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Chiropractic Manipulation Can Lead to Stroke

Posted by Mara Calomino Jan 16 2014

Each year almost 20 million Americans who are seeking respite from back pain, neck pain, headaches and sinus problems visit the chiropractor. For many, the manipulations provide some relief. But some of these techniques, including cervical neck manipulation or “cracking the neck,” raise concerns that it may cause permanent damage.


Neck and Spinal Manipulation

Due to a lack of large scale studies, evidence to show the effectiveness of chiropractic manipulation is inconclusive. Some research shows that spinal manipulation can be helpful to relieve headaches and migraines, lower blood pressure and ease some back pain. But other studies go on to suggest that the sudden, powerful thrusts used in neck manipulations are cause for concern and could even cause tears in the carotid or vertebral artery. Tears like this can cause a blood clot that travels to the brain causing a stroke.

A 2010 study investigating deaths after spinal manipulation found 26 published and seven unpublished cases, most due to tears. And it suggested that many more cases had gone unreported. A 2013 survey of 46 studies conducted between 2001 and 2011 found 707 occurrences of stroke associated with cervical spinal manipulation, but understanding these cases was inhibited due to inadequate information.

Understand the Risk

Felipe Albuquerque, a neurosurgeon in Phoenix who has studied stroke injury after neck manipulation, determined that those who suffered neck tears in their arteries would have had a stroke regardless of their treatment, claiming it to be a coincidence.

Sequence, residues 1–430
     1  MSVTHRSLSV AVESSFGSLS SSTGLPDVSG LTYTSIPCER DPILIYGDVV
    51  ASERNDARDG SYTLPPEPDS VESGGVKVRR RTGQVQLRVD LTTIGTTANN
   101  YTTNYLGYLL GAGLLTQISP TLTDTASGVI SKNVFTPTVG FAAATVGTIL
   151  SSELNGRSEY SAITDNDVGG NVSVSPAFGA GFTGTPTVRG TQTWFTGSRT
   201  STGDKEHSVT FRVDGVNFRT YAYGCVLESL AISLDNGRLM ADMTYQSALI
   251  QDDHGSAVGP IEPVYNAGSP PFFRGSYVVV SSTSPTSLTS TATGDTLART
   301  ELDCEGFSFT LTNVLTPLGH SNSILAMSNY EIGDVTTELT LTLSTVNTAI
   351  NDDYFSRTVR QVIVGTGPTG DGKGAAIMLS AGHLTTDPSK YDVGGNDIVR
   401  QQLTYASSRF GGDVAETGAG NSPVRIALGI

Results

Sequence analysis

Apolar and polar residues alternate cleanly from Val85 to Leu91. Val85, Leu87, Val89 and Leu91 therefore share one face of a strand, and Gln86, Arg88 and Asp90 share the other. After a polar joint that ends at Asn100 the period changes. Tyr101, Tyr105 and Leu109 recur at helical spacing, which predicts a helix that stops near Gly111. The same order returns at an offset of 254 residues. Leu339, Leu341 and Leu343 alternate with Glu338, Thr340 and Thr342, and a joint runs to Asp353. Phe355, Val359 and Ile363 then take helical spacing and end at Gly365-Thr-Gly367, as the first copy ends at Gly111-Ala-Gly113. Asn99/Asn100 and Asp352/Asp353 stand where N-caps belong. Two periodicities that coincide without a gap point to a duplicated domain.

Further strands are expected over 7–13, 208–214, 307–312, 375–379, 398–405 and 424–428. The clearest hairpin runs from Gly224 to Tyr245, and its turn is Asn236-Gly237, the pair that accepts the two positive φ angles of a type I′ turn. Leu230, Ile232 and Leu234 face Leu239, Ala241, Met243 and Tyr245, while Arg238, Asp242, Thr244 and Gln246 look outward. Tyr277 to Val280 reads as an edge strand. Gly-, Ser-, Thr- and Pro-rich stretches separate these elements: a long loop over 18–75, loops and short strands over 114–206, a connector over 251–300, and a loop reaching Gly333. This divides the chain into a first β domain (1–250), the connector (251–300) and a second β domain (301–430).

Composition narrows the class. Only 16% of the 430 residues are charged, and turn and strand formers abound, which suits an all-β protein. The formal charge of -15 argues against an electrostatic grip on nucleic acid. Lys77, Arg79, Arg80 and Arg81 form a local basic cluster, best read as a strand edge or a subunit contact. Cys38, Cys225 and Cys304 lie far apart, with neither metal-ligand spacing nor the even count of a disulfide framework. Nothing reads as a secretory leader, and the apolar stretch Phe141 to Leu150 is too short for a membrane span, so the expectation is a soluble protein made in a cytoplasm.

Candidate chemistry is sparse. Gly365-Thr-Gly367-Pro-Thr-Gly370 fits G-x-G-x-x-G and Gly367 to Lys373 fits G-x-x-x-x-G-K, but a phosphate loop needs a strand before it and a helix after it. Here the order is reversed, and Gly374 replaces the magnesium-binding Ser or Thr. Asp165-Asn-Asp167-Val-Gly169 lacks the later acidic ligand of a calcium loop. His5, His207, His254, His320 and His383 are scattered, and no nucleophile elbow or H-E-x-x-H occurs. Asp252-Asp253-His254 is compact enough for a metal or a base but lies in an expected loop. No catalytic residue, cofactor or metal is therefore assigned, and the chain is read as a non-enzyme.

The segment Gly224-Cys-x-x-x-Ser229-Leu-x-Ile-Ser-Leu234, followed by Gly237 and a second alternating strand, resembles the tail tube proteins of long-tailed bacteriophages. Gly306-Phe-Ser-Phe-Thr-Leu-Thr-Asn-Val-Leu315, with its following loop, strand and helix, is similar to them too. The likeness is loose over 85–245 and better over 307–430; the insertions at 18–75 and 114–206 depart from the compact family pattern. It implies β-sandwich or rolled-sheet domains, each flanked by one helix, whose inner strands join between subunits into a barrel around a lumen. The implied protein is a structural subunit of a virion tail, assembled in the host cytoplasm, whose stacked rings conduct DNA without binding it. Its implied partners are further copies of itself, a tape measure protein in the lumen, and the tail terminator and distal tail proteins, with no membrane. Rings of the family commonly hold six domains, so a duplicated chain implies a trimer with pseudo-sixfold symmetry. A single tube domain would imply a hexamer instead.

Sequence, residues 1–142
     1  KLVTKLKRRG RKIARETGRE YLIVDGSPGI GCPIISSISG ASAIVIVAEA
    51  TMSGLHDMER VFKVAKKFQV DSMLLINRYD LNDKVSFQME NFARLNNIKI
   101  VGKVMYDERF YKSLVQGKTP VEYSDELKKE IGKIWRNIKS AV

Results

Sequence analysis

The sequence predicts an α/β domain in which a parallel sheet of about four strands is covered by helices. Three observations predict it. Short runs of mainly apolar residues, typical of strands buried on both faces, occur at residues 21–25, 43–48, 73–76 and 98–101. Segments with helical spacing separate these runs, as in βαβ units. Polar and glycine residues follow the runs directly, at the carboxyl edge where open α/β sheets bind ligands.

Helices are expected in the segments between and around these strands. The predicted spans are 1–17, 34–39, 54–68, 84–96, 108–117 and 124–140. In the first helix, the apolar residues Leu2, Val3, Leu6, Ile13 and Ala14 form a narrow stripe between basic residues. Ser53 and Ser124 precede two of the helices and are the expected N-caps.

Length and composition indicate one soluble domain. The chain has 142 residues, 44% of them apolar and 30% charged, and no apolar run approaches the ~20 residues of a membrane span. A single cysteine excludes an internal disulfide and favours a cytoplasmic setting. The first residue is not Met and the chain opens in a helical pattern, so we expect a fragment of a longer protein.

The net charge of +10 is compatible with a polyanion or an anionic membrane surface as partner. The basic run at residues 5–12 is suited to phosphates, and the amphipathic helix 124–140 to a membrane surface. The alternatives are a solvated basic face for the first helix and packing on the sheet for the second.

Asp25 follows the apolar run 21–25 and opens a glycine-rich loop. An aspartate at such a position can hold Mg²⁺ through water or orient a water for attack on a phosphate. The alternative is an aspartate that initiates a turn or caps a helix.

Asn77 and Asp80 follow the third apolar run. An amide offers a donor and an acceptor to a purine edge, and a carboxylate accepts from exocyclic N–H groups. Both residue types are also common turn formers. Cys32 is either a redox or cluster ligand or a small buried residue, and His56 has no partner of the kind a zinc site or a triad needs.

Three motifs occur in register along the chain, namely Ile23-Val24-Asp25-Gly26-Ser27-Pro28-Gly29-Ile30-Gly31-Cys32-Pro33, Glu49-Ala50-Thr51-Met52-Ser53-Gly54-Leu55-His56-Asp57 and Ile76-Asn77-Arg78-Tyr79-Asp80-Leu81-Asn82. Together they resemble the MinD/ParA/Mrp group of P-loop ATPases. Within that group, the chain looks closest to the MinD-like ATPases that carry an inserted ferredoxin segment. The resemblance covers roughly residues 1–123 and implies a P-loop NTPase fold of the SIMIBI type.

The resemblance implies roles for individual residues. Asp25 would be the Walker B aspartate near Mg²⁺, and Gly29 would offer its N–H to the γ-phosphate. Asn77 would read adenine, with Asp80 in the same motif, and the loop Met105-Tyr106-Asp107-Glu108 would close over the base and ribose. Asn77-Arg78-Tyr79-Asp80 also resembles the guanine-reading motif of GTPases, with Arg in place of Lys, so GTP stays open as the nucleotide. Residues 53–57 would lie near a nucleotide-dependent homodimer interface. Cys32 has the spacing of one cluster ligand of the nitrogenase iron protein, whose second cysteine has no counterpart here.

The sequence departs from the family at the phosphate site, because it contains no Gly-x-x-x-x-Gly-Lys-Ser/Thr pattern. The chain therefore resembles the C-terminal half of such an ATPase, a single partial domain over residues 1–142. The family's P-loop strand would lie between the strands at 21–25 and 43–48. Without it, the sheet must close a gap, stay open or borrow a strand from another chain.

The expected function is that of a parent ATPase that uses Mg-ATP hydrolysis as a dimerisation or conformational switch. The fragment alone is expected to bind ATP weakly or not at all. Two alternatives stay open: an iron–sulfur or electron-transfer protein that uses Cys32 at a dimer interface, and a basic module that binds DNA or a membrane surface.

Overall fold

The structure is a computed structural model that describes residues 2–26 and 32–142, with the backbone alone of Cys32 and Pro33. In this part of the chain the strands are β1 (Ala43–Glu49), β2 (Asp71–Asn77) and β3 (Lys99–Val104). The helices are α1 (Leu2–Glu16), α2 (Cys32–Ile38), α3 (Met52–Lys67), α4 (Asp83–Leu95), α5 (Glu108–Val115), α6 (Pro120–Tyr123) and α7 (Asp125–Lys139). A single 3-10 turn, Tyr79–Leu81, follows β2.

Alan Lichter, a practicing Washington chiropractor, says “…more and more research shows that those who had strokes had a preexisting condition…there may be some risk for people who are already at risk.”

The parents of Jeremy Youngblood, a healthy, 30-year-old man, wish he would have known the risk before accepting treatment for lower back pain in 2011. It was his first visit. He died four days later from “acute cerebral infarction due to neck manipulation.”


While an association between cervical neck manipulation and stroke remains inconclusive and controversial, it is a treatment that has potentially severe side effects. Most people who are at risk of vertebral artery dissection will not be aware that a small tear is already present. It is important to discuss the potential risks with your practitioner before accepting treatment.

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